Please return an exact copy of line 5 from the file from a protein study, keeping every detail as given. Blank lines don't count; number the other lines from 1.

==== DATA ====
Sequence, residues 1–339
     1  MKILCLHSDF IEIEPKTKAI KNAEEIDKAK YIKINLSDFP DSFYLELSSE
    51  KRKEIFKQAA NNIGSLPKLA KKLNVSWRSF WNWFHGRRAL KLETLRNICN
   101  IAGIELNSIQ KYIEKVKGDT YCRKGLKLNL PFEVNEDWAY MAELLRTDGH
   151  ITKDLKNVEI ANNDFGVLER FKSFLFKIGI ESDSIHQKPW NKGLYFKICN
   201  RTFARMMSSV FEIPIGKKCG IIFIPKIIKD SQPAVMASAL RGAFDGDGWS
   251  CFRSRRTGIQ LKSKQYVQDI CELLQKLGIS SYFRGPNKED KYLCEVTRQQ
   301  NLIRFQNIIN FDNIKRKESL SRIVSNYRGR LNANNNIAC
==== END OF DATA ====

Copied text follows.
   151  ITKDLKNVEI ANNDFGVLER FKSFLFKIGI ESDSIHQKPW NKGLYFKICN